Using Facebook is more fraught. While Planned Parenthood has a dynamic, teenager-friendly Facebook site, with articles and exchanges, many private doctors do not friend their young patients on Facebook. Instead, they face the challenge of attracting them to their professional Facebook pages.

    Dr. Todd Wolynn is a Pittsburgh pediatrician whose 19-member Kids Plus Pediatrics practice employs a communications director to manage an active Facebook page and the group’s website. To encourage teenagers to follow the sites, whose readers are mostly parents, Wolynn’s practice stirs teenager-friendly topics, like texting while driving or the invention of the chocolate chip cookie, into a mix of posts about infant car seats and sleeping tips.

    “The challenge,” Wolynn said, “is will teenagers see you as cool enough to push information that will be on their Facebook news feed. Because their friends will see it and judge them.”

    But many doctors cannot imagine adding social media responsibilities to an already exhausting practice. Burgert, 36, is a juggernaut: With two children, she has a busy practice, keeps a blog on her group’s website, posts Twitter messages, texts her teenage patients and still sticks to an 8-to-5 workday.

    She carries a paper notebook to jot reminders and spends 15 minutes a day sending texts and emails. It saves her hours of phone tag with patients.

    The teenagers don’t overload her with exchanges, she said.

    “They understand it is a privilege, that not all physicians will do this. Actually, I have more problems with first-time parents.”

    She brings her iPad into the exam room and, depending on what they talk about, she may even pull up a relevant video and watch it with a teenager.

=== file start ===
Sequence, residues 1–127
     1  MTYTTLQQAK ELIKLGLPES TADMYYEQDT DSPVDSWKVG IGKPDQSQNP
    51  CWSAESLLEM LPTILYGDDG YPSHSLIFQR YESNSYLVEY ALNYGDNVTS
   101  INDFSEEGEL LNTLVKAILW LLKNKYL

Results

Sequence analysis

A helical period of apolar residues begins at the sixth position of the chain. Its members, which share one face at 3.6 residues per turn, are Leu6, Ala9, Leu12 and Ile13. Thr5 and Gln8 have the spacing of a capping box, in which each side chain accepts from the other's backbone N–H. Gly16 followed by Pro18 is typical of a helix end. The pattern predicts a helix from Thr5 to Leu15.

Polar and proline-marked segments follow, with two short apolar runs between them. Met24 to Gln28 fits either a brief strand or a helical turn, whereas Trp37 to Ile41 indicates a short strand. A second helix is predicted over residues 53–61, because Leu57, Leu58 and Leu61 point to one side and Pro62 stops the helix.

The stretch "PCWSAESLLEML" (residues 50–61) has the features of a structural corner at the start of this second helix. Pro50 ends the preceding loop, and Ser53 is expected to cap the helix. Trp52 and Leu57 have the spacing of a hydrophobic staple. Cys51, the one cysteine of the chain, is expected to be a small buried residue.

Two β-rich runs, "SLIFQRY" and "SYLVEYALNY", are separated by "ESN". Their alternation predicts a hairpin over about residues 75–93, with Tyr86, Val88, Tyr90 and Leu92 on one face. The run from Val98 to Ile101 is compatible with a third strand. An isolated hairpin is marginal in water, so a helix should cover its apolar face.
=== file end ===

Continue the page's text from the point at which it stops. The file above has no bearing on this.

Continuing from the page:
She does not friend patients on Facebook but urges parents to.

    “With my kids who have anxiety, eating disorders or take medication for a psychological condition, we have a heart-to-heart about what social networks they’re on,” she said.

    Recently, one anorexic patient posted a Facebook status update: “I look great with five more pounds lost!”

    The thumbs-ups responses crowded onto the teenager’s Facebook page, applauding what was essentially destructive behavior. Her worried parents contacted Burgert. The family brought their laptops to her office. Burgert explained to the teenager that it was her responsibility not to leave a permanent Internet record of her health.

    The girl reluctantly agreed she had to remove herself from social networks and avoid the dangerously positive feedback.

    “Then she and I shut down her Facebook page together,” Burgert said. “I was adamant about that.”

    Burgert has been using social media in her practice for three years.

    “The point is to help patients make good, healthy decisions,” she said. “You can do that if you are willing to take a risk.”